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I recently had an assessment which required me to draw the mechanism of decarboxylation of a $\beta$-ketoacid. However, it is slightly peculiar because there is the presence of $\alpha$, $\beta$-unsaturation. If the normal mechanism was drawn, then there would be an $\ce {sp}$-hybridised carbon in the enol intermediate after the $\ce {CO2}$ leaves. The hydrolysis and decarboxylation steps are similar to these shown in a publication by Takeda, Tsuboi & Sakai (1973). The only difference being that the question I attempted specified that the acid used to effect decarboxylation is $\ce {H2SO4}$.

enter image description here

To make it seem more logical, after the ester hydrolysis, I included an additional protonation step at the start of the decarboxylation, which involves protonating the double bond and forming an oxonium ion. Then, the normal decarboxylation mechanism proceeded. After which, there is tautomerisation back to the keto form, with shifting of the two double bonds to generate the bullatenone. Would that be the likely mechanism that is operating?

enter image description here

Out of curiosity, I would also like to ask if the decarboxylation would still take place without the $\alpha$ oxygen atom or the $\ce {Ph}$ group. I believe it could still take place but it is much less likely since it will now involve the formation of a secondary carbocation with no resonance stabilisation.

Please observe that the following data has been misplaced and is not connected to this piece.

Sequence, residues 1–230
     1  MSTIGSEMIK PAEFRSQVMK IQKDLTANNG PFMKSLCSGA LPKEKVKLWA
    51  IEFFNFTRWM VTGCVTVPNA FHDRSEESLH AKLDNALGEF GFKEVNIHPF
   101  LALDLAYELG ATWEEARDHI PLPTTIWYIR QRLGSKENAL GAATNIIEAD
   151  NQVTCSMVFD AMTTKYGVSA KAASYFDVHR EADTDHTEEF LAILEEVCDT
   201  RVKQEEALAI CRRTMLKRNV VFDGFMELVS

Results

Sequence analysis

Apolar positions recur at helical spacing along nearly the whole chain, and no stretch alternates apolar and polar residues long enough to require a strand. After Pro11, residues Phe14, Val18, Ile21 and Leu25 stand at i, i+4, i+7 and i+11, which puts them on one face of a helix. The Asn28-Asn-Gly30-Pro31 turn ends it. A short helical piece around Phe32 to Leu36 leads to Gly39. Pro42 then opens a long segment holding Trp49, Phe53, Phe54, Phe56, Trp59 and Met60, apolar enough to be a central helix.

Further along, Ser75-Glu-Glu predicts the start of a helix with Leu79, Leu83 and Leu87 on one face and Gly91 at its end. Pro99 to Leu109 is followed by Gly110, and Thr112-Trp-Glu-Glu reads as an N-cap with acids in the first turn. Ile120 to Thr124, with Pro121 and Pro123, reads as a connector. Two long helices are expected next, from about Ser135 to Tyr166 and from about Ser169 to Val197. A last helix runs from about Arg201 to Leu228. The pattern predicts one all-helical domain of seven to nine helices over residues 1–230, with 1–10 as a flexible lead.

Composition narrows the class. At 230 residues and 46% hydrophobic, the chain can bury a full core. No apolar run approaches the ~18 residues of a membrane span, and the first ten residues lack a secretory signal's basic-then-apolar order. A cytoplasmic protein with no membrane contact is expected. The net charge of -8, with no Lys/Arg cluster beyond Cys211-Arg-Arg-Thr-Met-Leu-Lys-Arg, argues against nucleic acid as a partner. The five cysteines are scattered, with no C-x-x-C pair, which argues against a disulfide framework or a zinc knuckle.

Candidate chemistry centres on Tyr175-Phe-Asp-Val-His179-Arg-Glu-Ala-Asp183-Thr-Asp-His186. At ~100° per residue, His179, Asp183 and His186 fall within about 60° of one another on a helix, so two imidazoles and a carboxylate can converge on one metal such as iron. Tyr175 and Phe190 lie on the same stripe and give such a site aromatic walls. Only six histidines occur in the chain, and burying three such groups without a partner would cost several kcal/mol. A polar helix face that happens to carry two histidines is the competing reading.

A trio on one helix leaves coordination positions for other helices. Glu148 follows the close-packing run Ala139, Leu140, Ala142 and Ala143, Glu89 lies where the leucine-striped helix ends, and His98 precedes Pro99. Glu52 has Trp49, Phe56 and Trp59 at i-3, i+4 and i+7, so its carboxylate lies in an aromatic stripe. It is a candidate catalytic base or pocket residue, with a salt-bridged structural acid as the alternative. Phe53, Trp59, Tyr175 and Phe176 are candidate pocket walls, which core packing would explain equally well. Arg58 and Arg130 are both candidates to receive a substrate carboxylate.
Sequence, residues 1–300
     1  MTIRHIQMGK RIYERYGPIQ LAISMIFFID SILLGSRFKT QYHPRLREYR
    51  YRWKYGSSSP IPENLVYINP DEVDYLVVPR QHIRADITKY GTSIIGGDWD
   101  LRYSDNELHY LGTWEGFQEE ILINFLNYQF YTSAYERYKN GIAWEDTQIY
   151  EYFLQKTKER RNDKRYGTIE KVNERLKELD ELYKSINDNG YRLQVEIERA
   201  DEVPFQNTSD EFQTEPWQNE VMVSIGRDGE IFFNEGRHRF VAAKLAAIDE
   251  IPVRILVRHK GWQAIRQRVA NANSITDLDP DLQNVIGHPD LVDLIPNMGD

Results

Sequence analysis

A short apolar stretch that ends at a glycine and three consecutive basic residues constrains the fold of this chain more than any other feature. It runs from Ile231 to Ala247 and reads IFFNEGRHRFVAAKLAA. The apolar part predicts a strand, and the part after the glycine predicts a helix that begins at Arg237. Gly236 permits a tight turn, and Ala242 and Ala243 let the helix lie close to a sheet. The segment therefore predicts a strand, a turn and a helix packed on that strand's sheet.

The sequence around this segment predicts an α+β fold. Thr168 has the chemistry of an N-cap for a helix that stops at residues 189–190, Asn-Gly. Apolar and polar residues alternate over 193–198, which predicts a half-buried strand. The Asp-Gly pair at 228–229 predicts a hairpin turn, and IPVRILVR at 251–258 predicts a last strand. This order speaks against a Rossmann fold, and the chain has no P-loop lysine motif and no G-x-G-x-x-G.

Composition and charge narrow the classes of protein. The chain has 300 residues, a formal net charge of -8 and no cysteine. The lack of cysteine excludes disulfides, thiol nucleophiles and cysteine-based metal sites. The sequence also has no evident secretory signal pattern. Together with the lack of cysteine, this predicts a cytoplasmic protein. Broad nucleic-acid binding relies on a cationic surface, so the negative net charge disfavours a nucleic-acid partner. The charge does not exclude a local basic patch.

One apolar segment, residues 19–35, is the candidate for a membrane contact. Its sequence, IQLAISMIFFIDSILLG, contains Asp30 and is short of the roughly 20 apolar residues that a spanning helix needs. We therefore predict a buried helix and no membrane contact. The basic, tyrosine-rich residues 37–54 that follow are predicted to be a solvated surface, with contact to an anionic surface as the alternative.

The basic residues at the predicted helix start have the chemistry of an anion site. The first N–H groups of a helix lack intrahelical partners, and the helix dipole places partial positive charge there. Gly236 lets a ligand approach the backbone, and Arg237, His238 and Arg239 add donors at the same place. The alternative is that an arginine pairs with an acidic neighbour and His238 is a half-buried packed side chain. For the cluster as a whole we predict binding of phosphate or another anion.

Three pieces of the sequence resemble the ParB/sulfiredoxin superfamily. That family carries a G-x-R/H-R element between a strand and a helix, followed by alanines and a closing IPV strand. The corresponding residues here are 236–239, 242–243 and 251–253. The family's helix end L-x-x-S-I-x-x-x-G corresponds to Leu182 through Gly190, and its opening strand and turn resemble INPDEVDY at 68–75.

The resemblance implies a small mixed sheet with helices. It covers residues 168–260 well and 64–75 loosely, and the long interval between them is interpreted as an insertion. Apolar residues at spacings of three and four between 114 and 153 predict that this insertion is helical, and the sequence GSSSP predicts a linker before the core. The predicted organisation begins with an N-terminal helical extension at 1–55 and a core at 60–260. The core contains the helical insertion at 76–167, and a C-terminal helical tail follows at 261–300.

Reference

Takeda, S.; Tsuboi, K.; Sakai, T. A new synthesis of bullatenone. Chem. Lett. 1973 , 2, 425-426.

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  • $\begingroup$ Can you draw you suggested mechanism $\endgroup$ – Waylander Apr 29 at 12:57
  • $\begingroup$ @Waylander I understand that my description is unclear. I can only draw it on paper and not on any drawing softwares. $\endgroup$ – Tan Yong Boon Apr 29 at 12:58
  • $\begingroup$ @Waylander I have uploaded an image of what I drew. Please have a look. $\endgroup$ – Tan Yong Boon Apr 29 at 13:05
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    $\begingroup$ That looks pretty reasonable. I think it would still work without the Ph group though perhaps at a higher temperature. $\endgroup$ – Waylander Apr 29 at 13:16
  • $\begingroup$ @Waylander: You are absolutely correct. Still with Ph, it needed heating at $\pu{70 ^{\circ}C}$ for $\pu{9 h}$ to yield 54% (when X = H). $\endgroup$ – Mathew Mahindaratne Apr 29 at 22:07

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